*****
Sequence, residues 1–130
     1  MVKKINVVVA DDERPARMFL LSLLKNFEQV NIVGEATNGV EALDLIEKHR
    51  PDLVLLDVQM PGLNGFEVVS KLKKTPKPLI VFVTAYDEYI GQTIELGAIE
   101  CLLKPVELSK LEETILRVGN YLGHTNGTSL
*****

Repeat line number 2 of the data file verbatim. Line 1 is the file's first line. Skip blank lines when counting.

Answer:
     1  MVKKINVVVA DDERPARMFL LSLLKNFEQV NIVGEATNGV EALDLIEKHR